Read the full story on Aljazeera and Rappler.

  4. 2014 budget and guarding public funds

    The national budget is under public scrutiny following the controversy over the pork barrel scam. A Commission on Audit (COA) report shows at least P6.156 billion was allegedly siphoned by lawmakers through fake NGOs in the scam. The discretionary funds, the alleged source of corruption, have been in place for decades in different shapes and forms. Last month, the Supreme Court struck down the pork barrel as unconstitutional. Asked if the pork barrel is a source of corruption, budget undersecretary Richard Moya concedes the fund has also helped real beneficiaries. But COA chair Grace Pulido-Tan, citing the expenses incurred by politicians during elections, says it’s “a no-brainer” to figure out where the money used to fund campaigns come from. She adds, “It’s been going around for so long, it’s just that nobody would dare bring it out officially and with sufficient documentary evidence.” Tan also says institutional corruption doesn’t stem only from the pork barrel, which constitutes less than 1% in the national budget. She adds there are many items in the budget where several mechanisms take place.

    Read the full story on Rappler.

  5. Senator wants Miriam speech struck out

    'STOP TOLERATING.' Senator Serge Osmeña will move to strike out the speech of Senator Miriam Defensor Santiago from the Senate records, calling it

    Senator Sergio “Serge” Osmeña III wants to strike out the scathing privilege speeches of Senator Miriam Santiago and Senate Minority Leader Juan Ponce Enrile from Senate records. Calling Santiago’s speech “way out of line,” Osmeña said it is about time a member of the Senate puts a stop to the exchange of insults between the two on the Senate floor. “That is totally unparliamentary, and that should not be accepted as part of the records of the Senate.“ Osmeña spoke a day after Santiago delivered a fiery privilege speech against Enrile, calling him a “psychopathic hypersexualized serial womanizer,” “the icon of shameless lying,” “incorrigible liar,” “the prince of darkness,” “gambling and smuggling king,” and “the drama king of corrupt politics.” Santiago spoke in response to Enrile’s privilege speech last week where he called her an “inane, obsessive hater” and “the grandmama of all falsehood fabricators” for naming him the mastermind of the pork barrel scam. Osmeña also took to task Senate President Franklin Drilon for tolerating the catfight.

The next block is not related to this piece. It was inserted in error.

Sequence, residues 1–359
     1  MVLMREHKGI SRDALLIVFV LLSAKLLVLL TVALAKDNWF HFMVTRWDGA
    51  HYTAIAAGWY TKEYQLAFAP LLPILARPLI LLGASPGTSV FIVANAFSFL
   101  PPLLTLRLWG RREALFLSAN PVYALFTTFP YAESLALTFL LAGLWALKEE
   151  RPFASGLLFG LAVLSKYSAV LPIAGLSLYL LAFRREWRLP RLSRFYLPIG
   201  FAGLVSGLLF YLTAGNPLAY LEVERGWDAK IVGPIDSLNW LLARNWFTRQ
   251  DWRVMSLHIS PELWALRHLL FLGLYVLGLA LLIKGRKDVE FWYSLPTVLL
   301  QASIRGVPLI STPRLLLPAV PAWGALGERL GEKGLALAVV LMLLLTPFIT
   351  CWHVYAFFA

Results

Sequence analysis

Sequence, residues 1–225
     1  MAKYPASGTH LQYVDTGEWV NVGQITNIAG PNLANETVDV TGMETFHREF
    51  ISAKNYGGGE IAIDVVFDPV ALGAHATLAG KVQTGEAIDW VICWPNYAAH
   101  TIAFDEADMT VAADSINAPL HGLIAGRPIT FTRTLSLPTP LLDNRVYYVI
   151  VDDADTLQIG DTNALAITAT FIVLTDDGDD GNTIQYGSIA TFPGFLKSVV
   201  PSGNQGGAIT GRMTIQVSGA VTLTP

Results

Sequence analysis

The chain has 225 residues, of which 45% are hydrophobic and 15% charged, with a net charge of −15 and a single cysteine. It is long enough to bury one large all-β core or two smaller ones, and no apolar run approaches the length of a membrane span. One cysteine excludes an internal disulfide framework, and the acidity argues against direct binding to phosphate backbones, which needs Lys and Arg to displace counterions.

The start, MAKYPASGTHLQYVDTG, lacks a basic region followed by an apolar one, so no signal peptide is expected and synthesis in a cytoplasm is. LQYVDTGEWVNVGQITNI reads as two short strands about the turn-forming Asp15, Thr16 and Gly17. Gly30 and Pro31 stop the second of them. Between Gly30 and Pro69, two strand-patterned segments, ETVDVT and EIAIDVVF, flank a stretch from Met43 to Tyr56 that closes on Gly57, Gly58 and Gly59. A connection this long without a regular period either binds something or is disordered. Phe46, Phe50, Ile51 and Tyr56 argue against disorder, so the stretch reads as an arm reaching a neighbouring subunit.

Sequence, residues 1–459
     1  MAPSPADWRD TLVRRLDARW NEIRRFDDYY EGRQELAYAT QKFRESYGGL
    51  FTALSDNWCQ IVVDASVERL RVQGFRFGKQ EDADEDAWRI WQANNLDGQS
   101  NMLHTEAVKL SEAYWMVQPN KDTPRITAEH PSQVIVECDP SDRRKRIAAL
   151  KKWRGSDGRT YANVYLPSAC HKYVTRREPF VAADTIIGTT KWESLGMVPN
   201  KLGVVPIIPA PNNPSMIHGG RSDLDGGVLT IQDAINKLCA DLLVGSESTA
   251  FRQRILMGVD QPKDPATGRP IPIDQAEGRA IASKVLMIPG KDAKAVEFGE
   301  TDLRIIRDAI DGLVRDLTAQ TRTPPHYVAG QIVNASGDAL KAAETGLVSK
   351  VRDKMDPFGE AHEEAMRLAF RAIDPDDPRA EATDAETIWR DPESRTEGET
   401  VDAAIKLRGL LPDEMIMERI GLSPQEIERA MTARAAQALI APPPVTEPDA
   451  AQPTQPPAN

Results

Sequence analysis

Read the full story on Rappler.

  6. Pacquiao’s road to redemption

    A documentary produced by Rappler chronicles Manny Pacquaio’s journey to one of the most important bouts of his life. Pacquiao, who has been named Fighter of the Decade, was coming off two consecutive losses. Pacquiao was fighting for redemption, while Rios saw a chance to catapult himself to instant stardom. Rappler’s sports reporter Natashya Gutierrez goes beyond the usual boxing reportage to portray the man behind the gloves, “A man with a soft heart, who beats people up for a living.”

    Follow Manny Pacquiao story on the following links:

    Pacquiao’s road to redemption: The comeback

    Pacquiao’s road to redemption: Relentless preparations

    Pacquiao’s road to redemption: The victory

  7. Movie cast pays tribute to Paul Walker

    The cast and crew of the “Fast and Furious” franchise honored one of their lead stars, Paul Walker, in a video tribute posted Wednesday, December 4. Walker, 40 died in a car accident in California, November 30, with his friend Roger Rodas after a red 2005 Porsche Carrera GT they were riding slammed into a tree and caught fire. The video is a montage of clips from the “Fast & Furious” film franchise, some dating back to the first installment in 2001. It was set to the song “Coming Home” by Diddy featuring Skylar Grey. The caption thanked the public for their support and urged them to donate to Walker’s charity Reach Out Worldwide (ROWW) in place of sending flowers and gifts. Before the crash, Walker had been at a ROWW charity event for the benefit of Typhoon Yolanda (Haiyan) victims in the Philippines.